For weeks, an AFC championship game matchup between the Patriots and Jaguars felt like little more than a pipe dream for football nerds. The idea of Tom Brady taking on Jacksonville’s top-ranked pass defense with a Super Bowl berth on the line was an X’s-and-O’s fantasy, but all signs pointed to a Pittsburgh–New England rematch happening on this stage. Bill Belichick scheming for Jalen Ramsey and friends seemed to be nothing more than a fun hypothetical. Well, Championship Sunday is almost here, and so is the clash over which many NFL junkies have salivated. It presents the perfect opportunity to dive deep on what should be the most fascinating element of a fascinating game.
In my mind, the most important factor when the Patriots have the ball this weekend will be their use of specific personnel groupings. Warren Sharp of Sharp Football Analysis wrote an excellent breakdown highlighting the numbers for Jacksonville’s defense when facing particular packages, and found that the Jags allowed an average of just 4.9 yards per attempt and an opposing passer rating of 73 when offenses threw out of 11 personnel (three wide receivers, one running back, one tight end). That is patently absurd, as 11 personnel is by far the most popular personnel package in the league. When offenses lined up with three or more receivers on the field (which most do on the majority of snaps), the Jags completely suffocated them.
Jacksonville finished first in Football Outsiders’s pass defense DVOA, first in net yards per attempt allowed, and first in opposing passer rating. Yet even with all of that success, it exhibited one major weakness: This group struggled to defend the pass when offenses went big. When opponents threw out of 12 (one running back, two receivers, two tight ends), 21 (two running backs, two receivers, one tight end), and 22 (two running backs, one receiver, two tight ends) personnel, the Jags allowed an average of 9.6 yards per attempt and a passer rating of 99, per Sharp. That’s a stark contrast to their numbers against more wide-open formations.
Smart offenses do a good job of throwing out of atypical passing formations on early downs, to the point that even good defenses have issues slowing those plays. The problem for the Jags in this matchup is that the Patriots pass out of heavy packages better and more frequently than any other offense in the league, and that could prevent Jacksonville from deploying the scariest subpackage defense in football.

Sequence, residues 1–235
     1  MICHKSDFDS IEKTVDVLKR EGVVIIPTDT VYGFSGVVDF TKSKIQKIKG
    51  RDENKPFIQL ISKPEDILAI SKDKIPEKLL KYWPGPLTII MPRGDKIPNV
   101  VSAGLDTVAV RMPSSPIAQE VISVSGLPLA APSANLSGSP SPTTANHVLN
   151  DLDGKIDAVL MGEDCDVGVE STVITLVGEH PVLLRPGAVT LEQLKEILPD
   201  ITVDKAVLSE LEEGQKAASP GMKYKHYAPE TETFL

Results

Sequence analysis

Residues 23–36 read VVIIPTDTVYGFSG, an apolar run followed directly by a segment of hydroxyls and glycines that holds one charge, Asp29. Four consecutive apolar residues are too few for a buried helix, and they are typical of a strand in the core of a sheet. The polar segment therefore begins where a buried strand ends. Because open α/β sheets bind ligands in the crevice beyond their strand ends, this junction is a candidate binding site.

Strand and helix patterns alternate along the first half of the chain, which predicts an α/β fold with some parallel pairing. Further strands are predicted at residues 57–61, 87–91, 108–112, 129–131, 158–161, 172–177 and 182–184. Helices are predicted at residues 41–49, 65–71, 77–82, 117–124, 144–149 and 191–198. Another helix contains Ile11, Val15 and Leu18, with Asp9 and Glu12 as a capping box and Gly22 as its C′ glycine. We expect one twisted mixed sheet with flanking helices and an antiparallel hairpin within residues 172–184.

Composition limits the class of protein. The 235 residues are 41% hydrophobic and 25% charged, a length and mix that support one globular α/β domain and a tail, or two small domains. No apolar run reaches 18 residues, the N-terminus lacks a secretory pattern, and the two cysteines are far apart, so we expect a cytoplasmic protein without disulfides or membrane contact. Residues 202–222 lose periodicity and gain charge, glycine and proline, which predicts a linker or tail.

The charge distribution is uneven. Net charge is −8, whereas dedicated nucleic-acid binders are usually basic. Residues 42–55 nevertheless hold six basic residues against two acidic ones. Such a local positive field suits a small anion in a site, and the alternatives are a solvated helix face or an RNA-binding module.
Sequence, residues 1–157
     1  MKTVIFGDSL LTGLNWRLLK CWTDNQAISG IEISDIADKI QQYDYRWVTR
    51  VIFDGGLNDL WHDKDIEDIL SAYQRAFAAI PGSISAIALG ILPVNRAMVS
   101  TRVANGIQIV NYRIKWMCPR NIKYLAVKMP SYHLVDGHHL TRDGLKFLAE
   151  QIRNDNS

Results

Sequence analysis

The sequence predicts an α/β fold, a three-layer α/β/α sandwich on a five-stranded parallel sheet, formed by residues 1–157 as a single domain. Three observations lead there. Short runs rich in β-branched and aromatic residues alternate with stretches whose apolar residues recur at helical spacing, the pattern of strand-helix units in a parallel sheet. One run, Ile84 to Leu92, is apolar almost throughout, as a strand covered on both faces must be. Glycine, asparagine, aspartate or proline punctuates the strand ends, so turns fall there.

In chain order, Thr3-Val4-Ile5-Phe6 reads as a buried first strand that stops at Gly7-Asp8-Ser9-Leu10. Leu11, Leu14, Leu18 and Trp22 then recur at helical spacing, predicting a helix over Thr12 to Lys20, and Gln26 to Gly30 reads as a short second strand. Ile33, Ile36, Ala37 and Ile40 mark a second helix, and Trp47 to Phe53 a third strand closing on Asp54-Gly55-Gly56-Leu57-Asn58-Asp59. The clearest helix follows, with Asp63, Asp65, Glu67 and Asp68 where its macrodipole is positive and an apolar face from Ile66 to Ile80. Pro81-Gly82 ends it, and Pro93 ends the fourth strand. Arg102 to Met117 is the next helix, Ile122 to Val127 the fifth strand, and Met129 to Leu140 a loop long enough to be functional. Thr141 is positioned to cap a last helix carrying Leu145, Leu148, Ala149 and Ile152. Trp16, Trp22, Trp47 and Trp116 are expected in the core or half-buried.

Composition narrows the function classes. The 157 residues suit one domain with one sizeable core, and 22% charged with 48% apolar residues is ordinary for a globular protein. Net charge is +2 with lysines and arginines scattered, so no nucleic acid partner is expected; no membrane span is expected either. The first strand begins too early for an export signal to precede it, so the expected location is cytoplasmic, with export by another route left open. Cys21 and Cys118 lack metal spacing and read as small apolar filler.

Let’s dig into how, specifically, base personnel affects the Jags defense more than others. Jacksonville’s most dangerous group of 11 defenders is its nickel package. With cornerback Aaron Colvin in the slot and rotational rusher Dante Fowler Jr. in the game, the Jags are terrifyingly fast and lack an identifiable weakness against the pass. Yet take those two off the field, and the cracks begin to emerge. In base personnel, veteran linebacker Paul Posluszny replaces Colvin in the back seven. Posluszny is an intelligent and savvy pass defender, but the 33-year-old is also athletically limited at this point in his career. If an offense is picking a guy to go after in this defense, it’s likely going to land on him. When the 49ers hit a long wheel route to fullback Kyle Juszczyk against Jacksonville in Week 16, it was clear that Posluszny was doing all that he could to catch up.
Heavier offensive formations also keep the Jags’ devastating rush packages off the field. With Fowler on the bench and either Marcell Dareus or Abry Jones playing defensive tackle, the league’s best pass rush loses some of its bite. This is true for any defense forced to defend the pass out of its base personnel. But not every defense can wreck an offense by bumping Calais Campbell inside when it goes to nickel.
After forcing Jacksonville to line up with the defenders they’d prefer, the Patriots will likely attack the Jags in a few specific ways. It may not run as many bootleg designs with a 40-year-old Brady under center as the Niners and Jimmy Garoppolo used to roast the Jags back in December, but New England still loves to use play-action with run-heavy personnel in the game. When the Patriots keep a couple of inline tight ends or a fullback in their traditional spots, expect them to use a play fake to set up a shot or two down the seam to Rob Gronkowski. Play-action accentuates an offense’s deception when throwing out of heavy sets, but the Pats likely won’t need it to find chunk throws. Jacksonville tends to creep its safeties directly over the tight end in certain formations; that could leave Gronk with space to work against Barry Church or Tashaun Gipson. The Jags finished 20th in pass defense DVOA against tight ends this season, and now they’ll face the best receiving tight end who’s ever walked the earth. Don’t be surprised to see Ramsey cover Gronk in certain situations, including in the red zone.